The Effect of the Kidney on Blood Pressure
Monday, Dec 10 2007
The kidneys are organs that are ultimately responsible for the amount of fluid the body retains, and thus exert a significant effect on regulating blood volume and blood pressure.
Increased blood pressure detected by the kidneys results in increased urinary excretion, and reductions in blood pressure result in lowered excretion rates, both regulating blood pressure by altering blood volume.
During the bout of exercise, however, a portion of the blood volume is absorbed into muscle and skin cells and fluid excreted via sweat glands, rather than the kidneys alone regulating body fluid.
As stated above, the kidneys also affect blood pressure through release of renin. Essentially, when the kidneys detect a drop in blood pressure, renin is released, leading to increased vasoconstriction and sodium retention that elevate blood pressure to its previous level. This renin-angiotensin-aldosterone system, then, represents an important feedback system involved in blood pressure regulation.
Larkin, K. T., and Zayfert, C.
Published with assistance from the foundation established in memory of Amasa Stone Mather of the Class of 1907, Yale College.
- Abel, J. A., and Larkin, K. T. (1991). Assessment of cardiovascular reactivity across laboratory and natural settings. Journal of Psychosomatic Research, 35, 365 - 373.
- Achmon, J., Granek, M., Golomb, M., and Hart, J. (1989). Behavioral treatment of essential hypertension: A comparison between cognitive therapy and biofeedback of heart rate. Psychosomatic Medicine, 51, 152 - 164.
- Agras, W. S., Horne, M., and Taylor, C. B. (1982). Expectation and the blood-pressure-lowering effects of relaxation. Psychosomatic Medicine, 44, 389 - 395.
- Agras, W. S., Taylor, C. B., Kraemer, H. C., Southam, M. A., and Schneider, J. A. (1987). Relaxation training for essential hypertension at the worksite: II. The poorly controlled hypertensive. Psychosomatic Medicine, 49, 264 - 273.
- Aivazyan, T. A., Zaitsev, V. P., Khramelashvili, V. V., Golenov, E. V., and Kichkin, V. I. (1988). Psychophysiological interrelations and reactivity characteristics in hypertensives. Health Psychology, 7, 137 - 144.
- al'Absi, M., and Wittmers, L. E. (2003). Enhanced adrenocortical responses to stress in hypertension-prone men and women. Annals of Behavioral Medicine, 25, 52 - 33.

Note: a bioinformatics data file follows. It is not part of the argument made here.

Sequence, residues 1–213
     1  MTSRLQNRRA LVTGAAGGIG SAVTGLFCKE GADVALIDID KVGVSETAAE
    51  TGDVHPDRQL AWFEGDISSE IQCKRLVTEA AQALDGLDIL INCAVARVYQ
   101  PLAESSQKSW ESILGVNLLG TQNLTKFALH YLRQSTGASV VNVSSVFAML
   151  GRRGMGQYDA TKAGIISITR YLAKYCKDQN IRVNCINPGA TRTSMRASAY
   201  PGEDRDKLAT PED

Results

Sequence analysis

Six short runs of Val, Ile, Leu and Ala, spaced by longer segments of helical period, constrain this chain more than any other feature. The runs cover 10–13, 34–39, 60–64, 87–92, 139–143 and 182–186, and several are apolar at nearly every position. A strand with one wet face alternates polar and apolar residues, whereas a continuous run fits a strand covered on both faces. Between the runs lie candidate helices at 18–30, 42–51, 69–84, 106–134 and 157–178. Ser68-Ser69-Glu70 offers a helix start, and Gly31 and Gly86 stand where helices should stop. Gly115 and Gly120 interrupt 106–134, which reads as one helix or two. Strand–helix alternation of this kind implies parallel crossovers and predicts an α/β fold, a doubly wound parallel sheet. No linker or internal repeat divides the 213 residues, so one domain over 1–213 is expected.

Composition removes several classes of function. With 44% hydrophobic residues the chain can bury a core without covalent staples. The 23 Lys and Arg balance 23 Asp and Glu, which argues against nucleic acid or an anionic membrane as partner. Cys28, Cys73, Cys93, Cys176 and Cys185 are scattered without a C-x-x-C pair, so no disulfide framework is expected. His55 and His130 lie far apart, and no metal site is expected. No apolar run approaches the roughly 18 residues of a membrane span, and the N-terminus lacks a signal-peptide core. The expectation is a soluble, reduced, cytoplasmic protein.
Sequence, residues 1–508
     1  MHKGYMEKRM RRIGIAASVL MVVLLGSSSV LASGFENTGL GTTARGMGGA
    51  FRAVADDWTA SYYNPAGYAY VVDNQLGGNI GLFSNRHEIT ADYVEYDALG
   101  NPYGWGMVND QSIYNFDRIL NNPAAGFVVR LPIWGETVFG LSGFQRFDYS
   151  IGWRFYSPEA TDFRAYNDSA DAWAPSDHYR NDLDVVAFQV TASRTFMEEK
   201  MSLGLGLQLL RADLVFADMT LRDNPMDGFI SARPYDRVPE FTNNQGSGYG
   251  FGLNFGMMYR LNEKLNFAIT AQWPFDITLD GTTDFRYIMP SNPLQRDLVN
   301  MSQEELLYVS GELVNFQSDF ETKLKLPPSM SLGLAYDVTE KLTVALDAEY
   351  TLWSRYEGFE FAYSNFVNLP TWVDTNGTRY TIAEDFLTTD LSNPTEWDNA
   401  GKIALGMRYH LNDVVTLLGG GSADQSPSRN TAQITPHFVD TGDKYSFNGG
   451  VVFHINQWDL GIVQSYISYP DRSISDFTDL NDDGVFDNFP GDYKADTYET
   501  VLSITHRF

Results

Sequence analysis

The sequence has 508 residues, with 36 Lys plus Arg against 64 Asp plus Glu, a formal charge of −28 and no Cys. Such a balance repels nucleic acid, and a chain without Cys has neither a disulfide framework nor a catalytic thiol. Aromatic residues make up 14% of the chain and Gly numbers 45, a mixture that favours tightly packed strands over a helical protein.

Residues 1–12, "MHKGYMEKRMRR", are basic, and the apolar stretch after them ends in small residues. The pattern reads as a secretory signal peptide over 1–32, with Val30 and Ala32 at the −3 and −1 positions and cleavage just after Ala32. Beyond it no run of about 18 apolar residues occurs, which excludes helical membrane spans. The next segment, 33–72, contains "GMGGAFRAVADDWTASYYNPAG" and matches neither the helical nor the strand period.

- Albright, C. L., Winkleby, M. A., Ragland, D. R., Fisher, J., and Syme, S. L. (1992). Job strain and prevalence of hypertension in a biracial population of urban bus drivers. American Journal of Public Health, 82, 984 - 989.
- Davidyan, A. (1989). Emotional factors in essential hypertension. Psychosomatic Medicine, 55, 505 - 517.
- Alfredsson, L., Davidyan, A., Fransson, E., de Faire, U., Hallqvist, J., Knutsson, A., et al. (2002). Job strain and major risk factors for coronary heart disease among employed males and females in a Swedish study on work, lipids, and fibrinogen. Scandinavian Journal of Work, Environment and Health, 28, 238 - 248.
Last revised: by Dr. J. Gregory Frits, , M.D.
Provided by Armina Hypertension Association
Also in this section
- Large study of hypertension patients highlights key moments at which to intervene
- Hydrogen sulfide could help lower blood pressure
- New Guidelines: Treat Obesity First
- Stroke Rounds: Aspirin Overused for Primary Prevention
- Understanding Dementia
- Alzheimer’s Disease Stages
- Daily consumption of blueberries may lower blood pressure
- Many home blood pressure monitors may be inaccurate
- Patient’s question triggers important study about blood thinners
- Study finds high protein diets lead to lower blood pressure
- High Blood Pressure Found to Boost Psoriasis Risk
- FDA panel votes against Novartis drug for acute heart failure
Post a comment [ + Comment here + ]
There are no comments for this entry yet. [ + Comment here + ]
Comments are moderated by our editors, so there may be a delay between submission and publication of your comment. Offensive or abusive comments will not be published.